This report from Nesta, was published half a decade ago in 2010 so, on first glance, its title seems inaccurate. Yet the concepts are perhaps more relevant now than they were then.
Although revealing its age through references to the Big Society, its description of the challenges of getting co-production into the mainstream is thought provoking and practical when set against the background of austerity, welfare reform and a fractured society.
Co-production offers solutions that not only have the potential to deliver high quality, efficient services, but also work to create and bolster communities. A world of co-production public services seems like a nice world to be part of.
This truly is collaborative transformation – user centric, delivering what users actually need and want, measuring benefits delivered across functional areas – it is a concept that can really transform services and people’s lives and the skills of the SSA and SS(PRAC) community can help to take it forward.
The dysfunctional relationship between the state and the people…
The report describes the challenge and the factors exacerbating that challenge (eg. demographic changes, changing expectations and new demands).
However, just why co-production is key to meeting the challenge is better expressed in the description of the dysfunctional relationship between the state and the people who are supposed to benefit.
People are generally knowledgeable about what is best for them and if they are given some measure of control over what happens to them, they tend to do better.
To be truly effective, co-production needs to be the default model of public service delivery, “the standard way of getting things done”.
Defining co-production is a challenge…
Definitions can be dry so the report gives us an understanding through examples, with four case studies as evidence of how different life could be. In essence, co-production is “…where the people who are currently described as ‘providers’ and ‘users’ work together, pooling different kinds of knowledge and skill”.
Defining co-production is like defining a shared service or collaborative project – what should the service be like when this is all working?
Four main challenges are identified where further work is needed:
- commissioning co-production activity
- generating evidence of value
- taking successful co-production to scale
- developing professional skills.
The common theme is that moving co-production to the mainstream is neither simple nor easy.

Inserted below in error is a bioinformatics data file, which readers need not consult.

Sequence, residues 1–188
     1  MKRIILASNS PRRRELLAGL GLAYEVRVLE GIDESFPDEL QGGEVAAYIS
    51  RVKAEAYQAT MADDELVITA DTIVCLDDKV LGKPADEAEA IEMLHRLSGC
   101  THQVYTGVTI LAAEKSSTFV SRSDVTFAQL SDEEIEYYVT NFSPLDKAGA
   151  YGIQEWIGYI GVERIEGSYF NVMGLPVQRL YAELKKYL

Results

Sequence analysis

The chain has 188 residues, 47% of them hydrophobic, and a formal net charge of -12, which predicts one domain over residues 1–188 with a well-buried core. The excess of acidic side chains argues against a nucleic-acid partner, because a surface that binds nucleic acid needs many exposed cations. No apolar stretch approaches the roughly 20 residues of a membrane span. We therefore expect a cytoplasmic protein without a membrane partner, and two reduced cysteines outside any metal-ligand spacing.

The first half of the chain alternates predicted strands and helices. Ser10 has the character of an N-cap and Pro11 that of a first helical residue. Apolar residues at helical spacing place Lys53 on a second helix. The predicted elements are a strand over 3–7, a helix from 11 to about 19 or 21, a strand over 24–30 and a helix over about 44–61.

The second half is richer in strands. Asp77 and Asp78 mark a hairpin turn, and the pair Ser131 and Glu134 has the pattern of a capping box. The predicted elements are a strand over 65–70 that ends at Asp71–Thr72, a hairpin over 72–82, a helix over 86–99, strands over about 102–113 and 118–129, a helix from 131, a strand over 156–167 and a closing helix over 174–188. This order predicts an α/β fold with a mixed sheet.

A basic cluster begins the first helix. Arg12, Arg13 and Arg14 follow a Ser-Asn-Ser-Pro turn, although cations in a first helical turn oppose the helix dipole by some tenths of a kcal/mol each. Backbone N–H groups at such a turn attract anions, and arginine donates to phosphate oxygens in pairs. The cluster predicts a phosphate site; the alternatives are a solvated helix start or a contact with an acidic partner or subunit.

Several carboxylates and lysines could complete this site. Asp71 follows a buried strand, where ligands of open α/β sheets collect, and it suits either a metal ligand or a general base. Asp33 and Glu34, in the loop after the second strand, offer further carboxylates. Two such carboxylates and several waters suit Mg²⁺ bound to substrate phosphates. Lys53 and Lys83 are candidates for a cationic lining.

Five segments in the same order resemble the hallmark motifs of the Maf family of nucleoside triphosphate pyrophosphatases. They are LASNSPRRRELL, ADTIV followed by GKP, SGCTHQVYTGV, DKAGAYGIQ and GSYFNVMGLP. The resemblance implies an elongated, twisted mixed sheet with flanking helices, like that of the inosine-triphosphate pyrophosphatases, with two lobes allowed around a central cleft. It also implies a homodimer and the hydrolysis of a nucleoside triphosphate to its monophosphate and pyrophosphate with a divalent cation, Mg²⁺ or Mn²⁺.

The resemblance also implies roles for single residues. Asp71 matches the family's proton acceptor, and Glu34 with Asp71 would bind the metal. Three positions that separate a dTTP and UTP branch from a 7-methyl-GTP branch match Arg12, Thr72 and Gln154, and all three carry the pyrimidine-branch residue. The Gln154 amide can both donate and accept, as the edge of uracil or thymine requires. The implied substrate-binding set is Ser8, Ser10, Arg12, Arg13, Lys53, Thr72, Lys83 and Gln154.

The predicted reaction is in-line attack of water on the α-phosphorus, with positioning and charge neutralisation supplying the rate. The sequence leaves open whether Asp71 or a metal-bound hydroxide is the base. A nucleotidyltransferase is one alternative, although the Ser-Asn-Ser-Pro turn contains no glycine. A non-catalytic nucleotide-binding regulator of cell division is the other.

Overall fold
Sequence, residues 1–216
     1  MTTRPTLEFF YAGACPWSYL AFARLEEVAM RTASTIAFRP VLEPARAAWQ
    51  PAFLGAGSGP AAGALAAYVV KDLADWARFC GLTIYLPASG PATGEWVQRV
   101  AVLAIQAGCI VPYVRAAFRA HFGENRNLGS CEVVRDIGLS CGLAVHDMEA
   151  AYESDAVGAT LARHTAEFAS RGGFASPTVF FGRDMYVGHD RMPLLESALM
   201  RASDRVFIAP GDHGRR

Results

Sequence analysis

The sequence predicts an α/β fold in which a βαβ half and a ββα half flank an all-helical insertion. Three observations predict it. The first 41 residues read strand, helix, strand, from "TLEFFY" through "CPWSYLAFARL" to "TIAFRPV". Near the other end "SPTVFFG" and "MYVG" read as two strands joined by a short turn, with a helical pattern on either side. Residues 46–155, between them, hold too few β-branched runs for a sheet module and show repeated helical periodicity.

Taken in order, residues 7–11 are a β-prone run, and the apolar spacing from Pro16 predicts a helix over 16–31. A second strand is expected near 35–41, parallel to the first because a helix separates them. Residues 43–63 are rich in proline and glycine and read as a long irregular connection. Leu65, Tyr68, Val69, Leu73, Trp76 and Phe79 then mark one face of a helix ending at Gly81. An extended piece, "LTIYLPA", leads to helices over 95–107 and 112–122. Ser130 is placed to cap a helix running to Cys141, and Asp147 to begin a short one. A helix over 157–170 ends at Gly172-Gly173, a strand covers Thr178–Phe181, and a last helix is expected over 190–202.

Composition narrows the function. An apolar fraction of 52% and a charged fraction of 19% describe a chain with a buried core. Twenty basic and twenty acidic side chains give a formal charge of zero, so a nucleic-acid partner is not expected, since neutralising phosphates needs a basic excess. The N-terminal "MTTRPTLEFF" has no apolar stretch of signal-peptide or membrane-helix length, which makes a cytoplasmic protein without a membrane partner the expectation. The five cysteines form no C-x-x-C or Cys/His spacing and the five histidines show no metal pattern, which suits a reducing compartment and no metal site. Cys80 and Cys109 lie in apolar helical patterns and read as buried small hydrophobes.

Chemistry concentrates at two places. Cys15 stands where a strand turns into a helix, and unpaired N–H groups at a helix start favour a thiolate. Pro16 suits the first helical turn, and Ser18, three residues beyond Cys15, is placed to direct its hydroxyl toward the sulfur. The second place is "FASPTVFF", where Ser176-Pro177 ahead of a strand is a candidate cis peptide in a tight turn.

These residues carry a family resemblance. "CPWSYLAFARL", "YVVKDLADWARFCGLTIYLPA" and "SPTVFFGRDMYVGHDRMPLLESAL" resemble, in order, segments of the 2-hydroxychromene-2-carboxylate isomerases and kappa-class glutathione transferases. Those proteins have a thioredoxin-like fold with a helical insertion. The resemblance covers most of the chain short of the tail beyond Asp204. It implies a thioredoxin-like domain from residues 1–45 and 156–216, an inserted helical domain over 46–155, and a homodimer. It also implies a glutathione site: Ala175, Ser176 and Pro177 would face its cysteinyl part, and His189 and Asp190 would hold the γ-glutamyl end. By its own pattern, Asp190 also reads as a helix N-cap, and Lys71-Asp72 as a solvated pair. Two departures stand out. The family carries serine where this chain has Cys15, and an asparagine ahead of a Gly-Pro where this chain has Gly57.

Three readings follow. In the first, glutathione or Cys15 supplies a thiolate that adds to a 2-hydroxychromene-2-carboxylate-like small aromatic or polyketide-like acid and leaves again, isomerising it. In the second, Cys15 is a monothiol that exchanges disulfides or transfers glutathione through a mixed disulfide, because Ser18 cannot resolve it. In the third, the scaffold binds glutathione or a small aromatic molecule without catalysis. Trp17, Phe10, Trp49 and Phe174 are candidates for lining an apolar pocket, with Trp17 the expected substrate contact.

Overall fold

The authors state, “…there will need to be profound changes in the way that people who work in public services – at all levels – understand their roles and carry them out”.
A similar approach as that used successfully for collaborative transformations including shared services.
What does the report recommend you think about?
The report’s recommendations fall under three themes:
- Changing the way services are managed and delivered.
- Changing the way services are commissioned.
- Opening up new opportunities.
The recommendations under each could easily be applied to our own work, just substitute “shared services” for “co-production” and it all seems very familiar.
- building key features into existing services,
- changing systems and structures,
- putting the right incentives in place,
- measuring what matters, and
- embedding the new system as a default model going forward.
Each of these has a direct read across to the successful introduction of collaborative transformation and so, although the report highlights the difficulties in getting co-production into the mainstream, the solutions that are offered can work; we have seen it with shared services.
You can download Right Here Right Now from www.nesta.org.uk/publications/co- production-right-here-right-now
The people need to be different…
However, the recommendations also highlight where co-production can be very different to shared services. Delivering co-production is not only about the mechanics of how services are delivered and the systems behind it; the people need to be different.
For example, the recommendations include “radical” changes for frontline staff in training and incentives along with new criteria for recruitment. It is these differences that really stand out in the recommendations.
Co-production is about structural change in public services and we know from our experience that such change is possible, if challenging; but it is also about fundamental changes in the delivery of services at the frontline and that is perhaps where the biggest challenges lie.
The shared service cross-over…
This report explains the benefits of co-production and outlines the challenges faced in moving it to the mainstream.
On first reading, the challenges can seem insurmountable, but looking at it again, you can see parallels with introducing shared services.
Co-production offers many benefits and solutions to the challenges of today: more efficient services, empowered citizens, and a true sense of community.
It will be difficult to achieve, but just because it is difficult and hard, doesn’t mean we shouldn’t try.
The SSA and SS(PRAC) community has a lot to offer in applying our experience of introducing and making a success of similarly radical changes.